The METRIC trial of trametinib, five years on

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Published: 10 Sep 2017
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Prof Dirk Schadendorf - Essen University Hospital, Essen, Germany

Prof Schadendorf speaks with ecancer at ESMO 2017 about the METRIC trial in melanoma, which initially showed a survival benefit for trametinib.

He reports that, with 5 years of safety and survival data now available, the initial benefits have not translated to a long term survival benefit.

Prof Schadendorf discusses how a changing landscape of targeted and combination therapies has now opened treatment options and dramatically extended patients life expectancy, so while trametinib monotherapy may not retain its initial benefits, it has been an essential stepping stone to the latest generation of melanoma treatments.

ecancer's filming has been kindly supported by Amgen through the ECMS Foundation. ecancer is editorially independent and there is no influence over content.

METRIC is a really ancient study dating back to the discovery that we have BRAF mutations in melanoma. This was the time between 2010 and 2011 where the first BRAF inhibitors were tested in this subset of patients and vemurafenib and dabrafenib as monotherapy and BRAF inhibitors showed some clinical efficacy and the first breakthrough of targeted therapies in melanoma. At that time it was clear that also MEK inhibition has some effect in vitro on cell lines turning down the cell proliferation. Based on these initial results GSK at that time, now Novartis, has made the decision to test trametinib, a MEK inhibitor, as a monotherapy in BRAF mutant melanoma patients. So this trial was done as a phase III study with registrational intent comparing trametinib against best investigator’s choice of chemotherapy.

This study was published initially in 2012 in The New England Journal of Medicine reporting on improvement in response rate in comparison to investigator’s choice chemotherapy, improvement in PFS and also in overall survival which was subsequently confirmed with a short follow-up time. This presentation here at ESMO 2017 is reporting on the five year landmark of this study and disappointingly you don’t see any survival difference any more. This has disappeared because either patients have died or subsequent treatments, and we have now luckily a lot of other options – checkpoint blockade, a combination of BRAF/MEK, which is also having influence on overall survival. The small survival difference which was seen after one and two years is gone after five years.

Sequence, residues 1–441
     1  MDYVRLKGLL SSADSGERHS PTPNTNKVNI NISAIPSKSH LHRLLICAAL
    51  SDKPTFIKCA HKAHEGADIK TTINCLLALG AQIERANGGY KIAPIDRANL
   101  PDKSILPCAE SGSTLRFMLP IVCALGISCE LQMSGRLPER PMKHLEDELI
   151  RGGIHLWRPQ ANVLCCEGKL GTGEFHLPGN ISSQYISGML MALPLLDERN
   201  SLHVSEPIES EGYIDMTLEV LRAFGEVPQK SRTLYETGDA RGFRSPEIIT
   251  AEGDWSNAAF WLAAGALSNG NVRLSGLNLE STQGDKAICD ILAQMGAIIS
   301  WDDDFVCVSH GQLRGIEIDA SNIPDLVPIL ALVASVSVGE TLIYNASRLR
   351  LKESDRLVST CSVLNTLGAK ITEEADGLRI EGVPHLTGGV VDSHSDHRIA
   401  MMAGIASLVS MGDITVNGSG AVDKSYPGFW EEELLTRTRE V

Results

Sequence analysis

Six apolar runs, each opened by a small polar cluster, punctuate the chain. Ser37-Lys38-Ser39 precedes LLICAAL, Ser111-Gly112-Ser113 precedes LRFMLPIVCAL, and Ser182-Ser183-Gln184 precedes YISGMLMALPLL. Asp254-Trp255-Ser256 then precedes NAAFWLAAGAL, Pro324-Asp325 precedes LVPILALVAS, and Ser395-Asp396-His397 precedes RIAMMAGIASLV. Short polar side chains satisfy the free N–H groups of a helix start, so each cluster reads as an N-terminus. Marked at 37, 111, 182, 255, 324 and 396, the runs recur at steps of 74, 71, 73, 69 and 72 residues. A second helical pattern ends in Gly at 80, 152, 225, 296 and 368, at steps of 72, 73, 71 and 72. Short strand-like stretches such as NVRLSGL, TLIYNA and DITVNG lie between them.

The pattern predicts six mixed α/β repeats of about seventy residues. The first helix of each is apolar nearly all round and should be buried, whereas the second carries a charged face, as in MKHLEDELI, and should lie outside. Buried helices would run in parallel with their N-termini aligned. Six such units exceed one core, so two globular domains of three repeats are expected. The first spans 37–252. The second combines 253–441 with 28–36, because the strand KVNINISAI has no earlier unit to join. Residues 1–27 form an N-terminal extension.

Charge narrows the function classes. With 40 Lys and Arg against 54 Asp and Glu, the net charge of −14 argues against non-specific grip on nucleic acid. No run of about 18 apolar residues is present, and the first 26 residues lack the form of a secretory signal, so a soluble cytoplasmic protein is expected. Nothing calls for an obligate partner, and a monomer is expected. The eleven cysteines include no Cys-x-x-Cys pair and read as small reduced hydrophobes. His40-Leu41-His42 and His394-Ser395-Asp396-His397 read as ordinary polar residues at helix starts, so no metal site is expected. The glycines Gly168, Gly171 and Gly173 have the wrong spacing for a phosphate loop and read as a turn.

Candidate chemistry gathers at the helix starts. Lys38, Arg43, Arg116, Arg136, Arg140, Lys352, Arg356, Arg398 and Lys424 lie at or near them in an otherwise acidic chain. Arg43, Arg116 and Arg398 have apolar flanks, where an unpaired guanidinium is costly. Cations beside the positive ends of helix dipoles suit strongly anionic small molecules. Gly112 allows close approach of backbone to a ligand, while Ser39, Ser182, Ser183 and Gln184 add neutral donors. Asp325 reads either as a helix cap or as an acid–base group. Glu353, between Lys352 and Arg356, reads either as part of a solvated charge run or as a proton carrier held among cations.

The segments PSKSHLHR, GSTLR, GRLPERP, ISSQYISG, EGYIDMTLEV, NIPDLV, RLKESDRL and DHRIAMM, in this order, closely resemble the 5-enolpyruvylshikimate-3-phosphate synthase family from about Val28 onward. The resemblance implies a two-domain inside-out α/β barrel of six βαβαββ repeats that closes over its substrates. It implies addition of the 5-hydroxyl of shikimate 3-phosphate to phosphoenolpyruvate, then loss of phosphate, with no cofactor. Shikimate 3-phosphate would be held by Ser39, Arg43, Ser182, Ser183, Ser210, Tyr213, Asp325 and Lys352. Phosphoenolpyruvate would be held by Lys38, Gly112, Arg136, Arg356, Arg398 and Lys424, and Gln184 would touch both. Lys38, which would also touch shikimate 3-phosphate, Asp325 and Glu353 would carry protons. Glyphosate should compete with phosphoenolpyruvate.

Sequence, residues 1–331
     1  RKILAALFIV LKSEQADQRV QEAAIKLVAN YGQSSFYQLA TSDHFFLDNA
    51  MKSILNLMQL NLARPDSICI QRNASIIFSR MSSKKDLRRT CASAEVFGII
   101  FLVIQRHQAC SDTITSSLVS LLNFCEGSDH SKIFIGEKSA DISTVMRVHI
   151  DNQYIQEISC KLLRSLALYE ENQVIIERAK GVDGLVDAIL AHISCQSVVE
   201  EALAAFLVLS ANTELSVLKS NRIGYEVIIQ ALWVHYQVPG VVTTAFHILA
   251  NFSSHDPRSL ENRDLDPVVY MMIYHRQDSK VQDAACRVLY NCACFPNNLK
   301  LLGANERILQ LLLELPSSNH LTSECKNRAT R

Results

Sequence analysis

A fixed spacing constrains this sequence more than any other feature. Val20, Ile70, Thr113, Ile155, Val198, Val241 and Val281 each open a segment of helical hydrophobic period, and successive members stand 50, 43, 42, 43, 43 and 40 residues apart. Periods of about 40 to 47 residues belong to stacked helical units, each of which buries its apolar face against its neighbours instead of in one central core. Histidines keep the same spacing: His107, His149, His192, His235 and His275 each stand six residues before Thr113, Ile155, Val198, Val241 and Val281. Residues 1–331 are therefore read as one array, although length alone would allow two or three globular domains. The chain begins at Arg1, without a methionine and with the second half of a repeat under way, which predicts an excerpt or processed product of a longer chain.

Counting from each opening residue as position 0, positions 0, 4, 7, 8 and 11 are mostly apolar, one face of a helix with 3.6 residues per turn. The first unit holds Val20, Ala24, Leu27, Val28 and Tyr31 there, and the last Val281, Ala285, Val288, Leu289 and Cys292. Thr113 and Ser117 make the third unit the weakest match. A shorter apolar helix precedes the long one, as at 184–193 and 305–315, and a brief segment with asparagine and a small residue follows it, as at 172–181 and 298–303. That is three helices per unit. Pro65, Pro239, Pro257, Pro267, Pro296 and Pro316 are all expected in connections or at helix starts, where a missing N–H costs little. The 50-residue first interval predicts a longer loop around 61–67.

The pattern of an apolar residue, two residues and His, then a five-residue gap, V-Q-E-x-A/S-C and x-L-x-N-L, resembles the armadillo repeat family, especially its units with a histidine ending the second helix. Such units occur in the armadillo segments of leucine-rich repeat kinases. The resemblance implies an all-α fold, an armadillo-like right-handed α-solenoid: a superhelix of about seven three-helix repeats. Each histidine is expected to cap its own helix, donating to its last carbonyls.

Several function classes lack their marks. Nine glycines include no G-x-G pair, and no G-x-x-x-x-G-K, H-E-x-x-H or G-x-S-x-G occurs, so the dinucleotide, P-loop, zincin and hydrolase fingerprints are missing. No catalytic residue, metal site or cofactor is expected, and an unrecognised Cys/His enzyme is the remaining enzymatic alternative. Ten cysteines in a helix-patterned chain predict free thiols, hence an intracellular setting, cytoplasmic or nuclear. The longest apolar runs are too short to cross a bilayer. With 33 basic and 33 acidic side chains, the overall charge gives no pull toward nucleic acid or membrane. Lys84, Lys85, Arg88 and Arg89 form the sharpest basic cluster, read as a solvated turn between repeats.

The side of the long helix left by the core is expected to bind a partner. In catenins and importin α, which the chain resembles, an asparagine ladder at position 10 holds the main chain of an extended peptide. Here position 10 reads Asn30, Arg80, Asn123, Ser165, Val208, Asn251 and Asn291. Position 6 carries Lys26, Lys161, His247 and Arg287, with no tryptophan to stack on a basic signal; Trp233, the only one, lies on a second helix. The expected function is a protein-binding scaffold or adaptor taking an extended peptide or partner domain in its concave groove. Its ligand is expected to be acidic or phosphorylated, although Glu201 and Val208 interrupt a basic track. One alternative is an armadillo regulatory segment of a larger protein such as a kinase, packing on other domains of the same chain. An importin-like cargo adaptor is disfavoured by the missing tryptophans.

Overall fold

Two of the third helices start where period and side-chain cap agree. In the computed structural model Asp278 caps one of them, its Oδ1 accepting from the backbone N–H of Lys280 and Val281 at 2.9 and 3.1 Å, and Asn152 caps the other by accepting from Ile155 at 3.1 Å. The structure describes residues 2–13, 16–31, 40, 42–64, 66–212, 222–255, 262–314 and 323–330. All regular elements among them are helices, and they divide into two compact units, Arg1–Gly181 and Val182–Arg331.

That’s got to be disappointing for everyone involved.

Yes. It was already clear in 2012, 2013, that monotherapy with a MEK inhibitor would not be the best choice to treat patients because there are side effects, mainly cutaneous side effects. The clinical efficacy in terms of response rate, PFS and overall survival of BRAF inhibitors was much better, tolerability was much better. Actually the MEK inhibitor has found its way in the clinic in the combination with BRAF inhibition so nowadays the combination of BRAF inhibition plus MEK inhibition, this dual MAP kinase blockade, is the standard of care for patients carrying a BRAF V600 mutation.

We can say that the inception of the trial was only five, six years ago but a completely different landscape in terms of treating the disease. So that leaves us in a better place now, trametinib or not.

Indeed. We have seen over the last six years dramatic change in the landscape of treatment options for melanoma patients. So ten years ago the five year survival rate for melanoma patients in its metastatic stage was around 5%; nowadays with eight, nine new agents available or combinations available the five year survival rate has increased to close to 50%.

It’s a shame to have found that there is no overall survival at this distance for trametinib but still its role in the world is taking place.

Yes. We have now, in contrast to six years ago, we have effective drugs which have shown to modulate overall survival, to improve overall survival. We have BRAF MEK combination as a new standard and we have two combinations approved at the moment. In addition we have also breakthrough results using checkpoint blockade – ipilimumab and PD-1 antibodies, nivolumab and pembrolizumab have been approved and also the first combination of nivolumab and ipilimumab has improved overall survival. With the newest three year overall survival data for checkpoint blockade we are already in the range between 50-60% so this is good news for our patients and families affected by melanoma.